Duane Moore’s depressed and a little horny—but not as horny as the black rhinoceroses that have entered his increasingly complicated life.
Now in his late 60s, Duane has been with us since The Last Picture Show (1966). That was many volumes ago, McMurtry (Books: A Memoir, 2008, etc.) being a prolific chap, and Duane has had his ups and downs. This book catches him on a down. His friend Honor sums up his condition philosophically: “Many aging people feel marginal, to some degree. For decades they’re at the center of things, and then one day they’re not. They slip over to the sidelines.” Duane has ample justification for being bummed. His wife, Annie Cameron of the fantastically wealthy Dallas Cameron clan, has some dirty little secrets that unfold across the novel’s pages. The people he has grown up with are leaving the planet. He’s living in Arizona, which makes him an outsider when he returns to the xenophobic little burg of Thalia, Texas. Duane’s not as much of an outsider, however, as is K.K. Slater, another woman from Dallas with fantastic wealth (at least on paper) who has established a vast ranch in order to rescue the African black rhino from extinction. The sight of black rhinos brings out the peckerwoods, guns a-blazing; Satanists and South Africans also figure into the mix, as does an extremely compliant porn star and a few other odd ducks. The narrative gets a little, well, middling toward the middle; a couple of set pieces rely on setups just a little too convenient, even considering the smallness of small-town Texas. However, McMurtry ultimately ties up a whole skein of loose ends neatly, and the book closes lyrically with ineluctable sadness, life being in the end a succession of small tragedies and occasional triumphs.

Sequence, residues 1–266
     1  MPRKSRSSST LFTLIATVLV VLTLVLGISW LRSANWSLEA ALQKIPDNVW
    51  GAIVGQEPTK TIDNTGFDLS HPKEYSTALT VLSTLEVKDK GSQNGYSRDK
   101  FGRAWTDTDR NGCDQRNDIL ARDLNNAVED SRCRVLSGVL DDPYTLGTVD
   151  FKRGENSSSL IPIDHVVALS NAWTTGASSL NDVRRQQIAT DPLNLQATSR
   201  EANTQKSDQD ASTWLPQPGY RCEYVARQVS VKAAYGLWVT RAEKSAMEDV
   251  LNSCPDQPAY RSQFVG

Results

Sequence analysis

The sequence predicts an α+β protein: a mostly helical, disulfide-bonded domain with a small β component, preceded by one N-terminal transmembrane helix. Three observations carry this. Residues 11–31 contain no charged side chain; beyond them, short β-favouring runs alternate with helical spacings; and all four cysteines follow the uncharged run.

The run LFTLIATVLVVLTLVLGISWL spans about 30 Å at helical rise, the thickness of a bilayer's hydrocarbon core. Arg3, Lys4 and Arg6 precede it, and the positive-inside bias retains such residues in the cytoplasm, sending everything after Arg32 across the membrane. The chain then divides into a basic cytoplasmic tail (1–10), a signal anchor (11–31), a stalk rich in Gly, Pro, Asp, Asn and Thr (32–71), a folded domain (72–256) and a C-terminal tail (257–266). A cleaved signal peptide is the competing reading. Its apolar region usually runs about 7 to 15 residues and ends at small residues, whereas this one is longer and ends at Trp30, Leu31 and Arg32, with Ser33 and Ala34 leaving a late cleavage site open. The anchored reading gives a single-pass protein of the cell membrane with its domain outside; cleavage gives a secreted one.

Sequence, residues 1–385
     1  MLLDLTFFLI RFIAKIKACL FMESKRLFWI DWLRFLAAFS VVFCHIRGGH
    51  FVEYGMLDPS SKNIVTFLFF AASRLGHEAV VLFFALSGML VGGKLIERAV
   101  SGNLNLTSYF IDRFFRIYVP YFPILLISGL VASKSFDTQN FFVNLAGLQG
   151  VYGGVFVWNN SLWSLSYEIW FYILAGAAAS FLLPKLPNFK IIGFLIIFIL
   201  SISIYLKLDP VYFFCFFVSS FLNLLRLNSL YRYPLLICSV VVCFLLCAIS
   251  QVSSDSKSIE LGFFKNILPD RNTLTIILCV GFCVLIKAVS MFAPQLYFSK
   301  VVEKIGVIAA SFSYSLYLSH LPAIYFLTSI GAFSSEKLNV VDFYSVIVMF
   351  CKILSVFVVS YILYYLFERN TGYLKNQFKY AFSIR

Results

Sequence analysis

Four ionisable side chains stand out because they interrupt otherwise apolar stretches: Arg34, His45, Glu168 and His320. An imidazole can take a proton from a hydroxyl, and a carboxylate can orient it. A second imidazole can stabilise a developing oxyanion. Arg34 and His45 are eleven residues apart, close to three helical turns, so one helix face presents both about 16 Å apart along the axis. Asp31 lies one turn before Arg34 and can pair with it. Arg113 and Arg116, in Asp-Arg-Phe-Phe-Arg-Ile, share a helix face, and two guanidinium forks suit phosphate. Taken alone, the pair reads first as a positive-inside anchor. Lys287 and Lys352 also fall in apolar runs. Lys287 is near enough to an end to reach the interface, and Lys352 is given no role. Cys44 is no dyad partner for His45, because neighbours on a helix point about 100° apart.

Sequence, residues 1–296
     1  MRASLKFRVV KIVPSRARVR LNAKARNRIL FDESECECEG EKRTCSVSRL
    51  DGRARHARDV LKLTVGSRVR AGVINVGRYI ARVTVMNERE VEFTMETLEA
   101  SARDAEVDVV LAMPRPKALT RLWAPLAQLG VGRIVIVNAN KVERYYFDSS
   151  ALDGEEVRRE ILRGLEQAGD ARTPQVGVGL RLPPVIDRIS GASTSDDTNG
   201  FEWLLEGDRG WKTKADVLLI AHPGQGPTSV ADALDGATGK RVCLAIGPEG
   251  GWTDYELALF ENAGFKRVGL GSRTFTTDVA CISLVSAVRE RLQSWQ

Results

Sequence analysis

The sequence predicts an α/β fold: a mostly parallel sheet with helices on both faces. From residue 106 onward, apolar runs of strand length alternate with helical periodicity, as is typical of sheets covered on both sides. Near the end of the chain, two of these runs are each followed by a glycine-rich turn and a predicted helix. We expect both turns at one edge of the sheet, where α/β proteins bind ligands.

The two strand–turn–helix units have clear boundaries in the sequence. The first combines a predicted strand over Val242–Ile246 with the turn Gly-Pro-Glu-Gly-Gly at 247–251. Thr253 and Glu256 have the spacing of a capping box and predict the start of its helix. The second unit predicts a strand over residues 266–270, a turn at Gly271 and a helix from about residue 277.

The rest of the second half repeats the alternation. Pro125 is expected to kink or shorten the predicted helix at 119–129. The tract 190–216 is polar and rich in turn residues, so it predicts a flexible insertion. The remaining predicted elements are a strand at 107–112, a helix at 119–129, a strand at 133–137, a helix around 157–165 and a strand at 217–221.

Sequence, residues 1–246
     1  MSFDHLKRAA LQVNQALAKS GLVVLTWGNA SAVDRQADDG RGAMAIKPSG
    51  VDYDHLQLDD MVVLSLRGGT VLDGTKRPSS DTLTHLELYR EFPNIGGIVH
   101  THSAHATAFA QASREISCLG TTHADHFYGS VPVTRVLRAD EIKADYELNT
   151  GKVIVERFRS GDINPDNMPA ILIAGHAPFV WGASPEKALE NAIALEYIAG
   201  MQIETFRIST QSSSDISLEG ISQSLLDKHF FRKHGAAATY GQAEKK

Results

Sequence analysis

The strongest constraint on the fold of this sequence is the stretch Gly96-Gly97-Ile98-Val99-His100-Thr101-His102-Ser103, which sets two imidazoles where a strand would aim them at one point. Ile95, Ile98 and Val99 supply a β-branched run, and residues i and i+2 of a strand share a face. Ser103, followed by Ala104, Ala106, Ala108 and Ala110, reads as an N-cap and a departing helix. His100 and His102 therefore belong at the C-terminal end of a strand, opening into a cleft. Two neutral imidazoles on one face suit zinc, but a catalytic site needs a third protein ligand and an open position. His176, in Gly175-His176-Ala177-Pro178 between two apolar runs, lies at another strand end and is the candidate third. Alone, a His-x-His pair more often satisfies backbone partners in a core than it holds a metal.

A lovely, high-lonesome end to Duane’s saga that also offers the possibility of more books to come—which readers will certainly hope McMurtry delivers.